Parian ware

Parian "Nelson Jug" (1851)

Parian ware is a type of bisque porcelain imitating marble. It was developed around 1845 by the Staffordshire pottery manufacturer Mintons, and named after Paros, the Greek island renowned for its fine-textured, white Parian marble, used since antiquity for sculpture. It was also contemporaneously referred to as Statuary Porcelain by Copeland. Parian was essentially designed to imitate carved marble,[1] with the great advantage that it could be prepared in a liquid form and cast in a mould, enabling mass production.


The early history of the invention of Parian was confused at the time, with several firms producing biscuit, working concurrently to produce an improved material, claiming credit. The first to claim its invention was Thomas Battam, manager of the art department at the Copeland Factory, who gave it the title 'Statuary Porcelain'. In 1842 Copeland produced some models, purchased by the Duke of Sutherland, the finish of which closely imitated some marbles in his collection. Batteman's material however was thought to be a version of stoneware.[2] The most likely date for the invention of Parian is 1845 when Minton produced trials, with versions on sale in June 1845. The judges at the Great Exhibition were undecided as to whom the first inventor was";[2]

"... the Jury find that they could not recommend an award of the Council Medal for the invention of Parian without deciding on the disputed claim of priority between the very eminent firms, who severally advanced that claim with equal confidence. We have not felt it our duty to come to any such decision; especially as it would appear from the statement of each party that, whichever may have actually been first in publicly producing articles in this material both were contemporaneously working with success towards the same result."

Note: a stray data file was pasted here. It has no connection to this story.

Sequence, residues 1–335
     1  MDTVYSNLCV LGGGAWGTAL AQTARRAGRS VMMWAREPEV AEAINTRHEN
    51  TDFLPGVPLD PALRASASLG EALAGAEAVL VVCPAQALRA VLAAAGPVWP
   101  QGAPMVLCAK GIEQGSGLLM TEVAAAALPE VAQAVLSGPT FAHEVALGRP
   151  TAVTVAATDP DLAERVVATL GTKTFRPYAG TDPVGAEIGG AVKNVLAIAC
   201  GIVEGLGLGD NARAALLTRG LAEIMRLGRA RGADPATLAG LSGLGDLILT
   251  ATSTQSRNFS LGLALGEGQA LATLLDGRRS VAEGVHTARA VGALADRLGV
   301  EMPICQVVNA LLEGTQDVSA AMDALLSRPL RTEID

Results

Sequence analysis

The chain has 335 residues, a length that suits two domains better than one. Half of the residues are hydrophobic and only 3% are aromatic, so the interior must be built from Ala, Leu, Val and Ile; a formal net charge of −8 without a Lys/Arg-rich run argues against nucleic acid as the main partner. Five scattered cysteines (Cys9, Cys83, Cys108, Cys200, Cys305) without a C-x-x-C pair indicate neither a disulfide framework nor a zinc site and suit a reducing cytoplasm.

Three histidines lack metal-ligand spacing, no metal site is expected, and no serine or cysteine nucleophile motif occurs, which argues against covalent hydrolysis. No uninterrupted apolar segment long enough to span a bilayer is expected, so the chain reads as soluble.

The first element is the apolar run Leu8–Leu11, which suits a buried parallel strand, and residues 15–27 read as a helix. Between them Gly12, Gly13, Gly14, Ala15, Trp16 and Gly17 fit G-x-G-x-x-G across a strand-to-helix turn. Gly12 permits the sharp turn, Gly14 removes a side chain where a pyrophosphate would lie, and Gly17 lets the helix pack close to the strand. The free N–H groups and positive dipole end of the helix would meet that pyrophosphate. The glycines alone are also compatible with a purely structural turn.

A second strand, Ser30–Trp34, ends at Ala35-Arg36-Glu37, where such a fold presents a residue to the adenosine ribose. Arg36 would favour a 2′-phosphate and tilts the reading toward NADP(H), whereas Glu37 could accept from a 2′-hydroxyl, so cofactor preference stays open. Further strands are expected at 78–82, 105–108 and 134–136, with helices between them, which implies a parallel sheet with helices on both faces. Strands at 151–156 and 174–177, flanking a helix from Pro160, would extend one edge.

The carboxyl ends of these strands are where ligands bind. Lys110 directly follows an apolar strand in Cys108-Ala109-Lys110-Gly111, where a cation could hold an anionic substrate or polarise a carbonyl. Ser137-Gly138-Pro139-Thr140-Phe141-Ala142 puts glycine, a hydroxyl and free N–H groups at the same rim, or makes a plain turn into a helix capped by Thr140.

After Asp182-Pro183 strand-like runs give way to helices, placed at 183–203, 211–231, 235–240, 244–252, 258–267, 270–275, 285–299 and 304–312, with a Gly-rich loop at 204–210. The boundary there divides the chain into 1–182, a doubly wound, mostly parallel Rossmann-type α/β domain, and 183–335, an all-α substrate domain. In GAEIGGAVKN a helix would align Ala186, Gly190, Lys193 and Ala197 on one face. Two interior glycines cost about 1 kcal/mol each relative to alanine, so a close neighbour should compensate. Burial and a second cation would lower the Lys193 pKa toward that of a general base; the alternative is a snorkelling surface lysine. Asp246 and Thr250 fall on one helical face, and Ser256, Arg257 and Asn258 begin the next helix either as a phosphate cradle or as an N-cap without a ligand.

Hand crafting

Parian could also be hand-crafted, the production of a rose by an artisan is described in 1859, though it is not clear if this is in Minton's factory or Copeland's.[3]


Parian has a more vitrified finish than porcelain due to a higher proportion of feldspar.


Parian ware was utilised mainly for busts and figurines, and occasionally for dishes and small vases,[4] such as might be carved from marble. Several English factories claimed credit for its development. In 1845, as part of a concerted effort to raise public taste and improve manufactures, the Art Union of London commissioned Copeland to make a series of figures after works by leading contemporary sculptors. Mintons and Wedgwood produced similar wares, also known as "statuary porcelain",[5] Parian was initially used for relatively high quality work but later was produced by a great number of manufacturers and considerably lost its cachet. Parian is still being made by Belleek Pottery.[1]

British Parian manufacturers

There were numerous British Parian manufacturers in the nineteenth century, of these two of the largest were Minton and Copeland.


  1. 1 2 Information on Parian (Stoke Museums)
  2. 1 2 Paul Atterbury, Maureen Batkin, Martin Greenwood, Benedict Read, Dr Roger Smith, Dr Philip Ward-Jackson and G D V Glynn, FSA Scot. The Parian Phenomenon: A Survey of Victorian Parian Porcelain Statuary & Busts (Richard Dennis, 1989)
  3. . James Hogg (editor). "the Land of Pots". Titan: 20. July 1859.
  4. John Fleming and Hugh Honour. Dictionary of the Decorative Arts, 1977, s.v. "Parian ware".
  5. C. and D. Shinn. The Illustrated Guide to Victorian Parian china, 1971.

Further reading

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